'Resampled' takes Stroboscopic Artefacts' Sampler Series and tangles it with reflexivity. Out of the Alpha, Beta, Gamma and Delta Samplers' original 16 tracks, 8 of the producers have remixed a track from the other 8 artists. The creative process goes inverse and the original cuts get chiseled into, sanded down or polished bright. Part Two sees Modern Heads take Perc's 'Wooden Art' and create bold broken beat, the 'Jumplex Remix' is knitted, knotted and calcified. Forward Strategy Group's 'Inside the Shadows' faces Dadub's 'Metropolis Remix', the perfect descriptor for this skyscrapingly macrocosmic reworking. Frank Martiniq's 'Defiance Remix' pulls Sasse's original from tech-house and into the realm of ambitious, ecstatic brilliance. Claudio PRC's 'Perspective Mix' granulates 'Abstract Subway' to the point where all that is left is a dark, inky pool of pure harmonics, which draws Part Two to a laconic and lingering close.
'Resampled' takes Stroboscopic Artefacts' Sampler Series and tangles it with reflexivity. Out of the Alpha, Beta, Gamma and Delta Samplers' original 16 tracks, 8 of the producers have remixed a track from the other 8 artists. The creative process goes inverse and the original cuts get chiseled into, sanded down or polished bright. Part 1 opens with Lucy's 'Twofold Remix' of Xhin's 'Arrival' where what starts out as 4/4 techno resolves into an experimental dew. Jonas Kopp's 'Argatian Remix' attacks the break-beat structure of Lagrange Point to the point where it could be an early Mole People release, this is Kopp as you have never heard him before. Hironori Takahashi's 'Medue' is pushed into deep ephemerality with Obtane's 'Puppetmachine Remix' taking it to a weightless, beat less place. Donor's 'Distress Remix' of Chevel's 'Trevisun' compresses the swung baselines to create a crackling background and with the force that comes to the fore it makes for a very pithy conclusion to Part One.
A sample is a small part of the whole, selected because it’s a premier example of its class. The Delta Sampler is composed by four tracks that traverse electronic music possibilities from straight up techno to oblique drone. Opener “LX1” sees Lucy and Xhin teaming up for their first collaboration. Dark, slightly brooding, the meeting of their minds is mapped out with incisive kicks, knotty dub and hi hat sizzles. Jonas Kopp “M33” is a 4/4 structure filled with discontent. The track strains with aqueous grumbles and tense peak time techno emerges. Inigo Kennedy and Isodyne borrow their structure from the observations of physics. Their “Lagrange Point” is a bassline that fluxes between a background of reverberating pads and a foreground of slithering chords, but somehow remains constant. From here the sampler closes with “Inside The Shadows”, Forward Strategy Group’s malevolent slice of drone. The complex sequence of loops builds a reflective atmosphere that revels in the hidden.
A sample is a small part of the whole, selected because it’s a premier example of its class. The Gamma Sampler sees Stroboscopic Artefacts collect together four cuts that take you from the dance floor right into the ether. It starts resolutely dance floor as Modern Heads open with the brilliantly constructed “1969”. The track forms a perfect arc. It begins with pared-down bass, opens out as melody surfaces from deep below, stretches upwards as synth patterns bubble into being, before the other side of the curve elegantly returns to the origin. “Fade” comes from New York’s Donor. Full of offkilter, swung bass lines, its distinctly strange sound seems to harbour more than a drop of contempt. Abstract Souls unleash “Abstract Subway” full of swishing, swooping patterns. As if sampling the act of perception itself, it‘s blurred, charcoaled black but flecked with colour. The sampler is closed by Claudio PRC’s “Aphelion” which seems to transpose the sound of a planet when its orbit has curled far from the sun.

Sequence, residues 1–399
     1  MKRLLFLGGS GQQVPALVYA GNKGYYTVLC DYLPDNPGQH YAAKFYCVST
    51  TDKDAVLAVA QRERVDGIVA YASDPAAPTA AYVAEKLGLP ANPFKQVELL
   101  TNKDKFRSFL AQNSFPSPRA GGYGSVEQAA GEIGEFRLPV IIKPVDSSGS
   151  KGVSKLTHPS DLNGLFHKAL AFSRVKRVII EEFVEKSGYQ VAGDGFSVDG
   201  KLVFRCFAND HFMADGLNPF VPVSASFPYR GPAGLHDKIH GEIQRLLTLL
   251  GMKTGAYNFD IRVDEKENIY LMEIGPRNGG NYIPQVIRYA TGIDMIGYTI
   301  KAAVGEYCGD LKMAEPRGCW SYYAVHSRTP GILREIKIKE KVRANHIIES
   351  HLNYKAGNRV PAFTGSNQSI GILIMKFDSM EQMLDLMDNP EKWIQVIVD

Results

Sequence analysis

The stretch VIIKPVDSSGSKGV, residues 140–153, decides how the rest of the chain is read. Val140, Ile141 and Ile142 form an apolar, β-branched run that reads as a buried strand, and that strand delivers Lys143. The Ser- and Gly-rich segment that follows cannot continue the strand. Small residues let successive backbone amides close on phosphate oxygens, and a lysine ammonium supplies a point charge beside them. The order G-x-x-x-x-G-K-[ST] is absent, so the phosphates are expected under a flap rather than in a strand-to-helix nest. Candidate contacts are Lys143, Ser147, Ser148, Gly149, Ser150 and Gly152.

A sample is a small part of the whole, selected because it’s a premier example of its class. Stroboscopic Artefacts present the Beta Sampler, showcasing four startling fresh cuts. From Perc's exacting mind comes the brilliant “Wooden Art”. Over a bed of bubbling dub, dystopian pads slice through a gnashing wall of beat patterns. Next comes “Trevisun”, with its Detroit minimalistic approach. Chevel brings us a perfectly dizzying 10am track, replete with lopsided beats, viscous synths. Then Frank Martiniq transports us to an enchanted afterhours land with “My Visor”. This dubtechno masterpiece takes us back to a time where the elegance of synthesis and dubbing was of paramount importance. The baton is lastly handed to Berlin house giant Sasse who proudly pushes his sound in a totally new direction on “Face2Face With Reality”. Here Sasse collides his house instincts with dub know-how, creating an inspirational hybrid.
A sample is a small part of the whole, selected because it’s a premier example of its class. In the Alpha Sampler, Stroboscopic Artefacts has collected together four tracks from very different artists. Opener Obtane’s “Now I Am Blind And I Can See You” quivers and flicks, whispers and crackles itself into existence. From here, Dadub unleashes “Blue Whale’s Dub”, an immense creature trawls deep waters, but as the drop comes, iridescent light pours in. In contrast, Japanese Hironori Takahashi takes us to the noisy chaos of Tokyo with “Medue”. Through this carnivorous beast, Takahashi plays with depth perception. Weighty bassline structures, uplifting piano samples and persistent hi-hats collide. The closer is from Xhin. “Arrival” is, in his own words, “an environmental sound design experience”. Even though the bassline is entirely discarded, this is no Xhin-lite. Instead, a simmered down symphony: elemental, ecstatic and most of all, terrifying.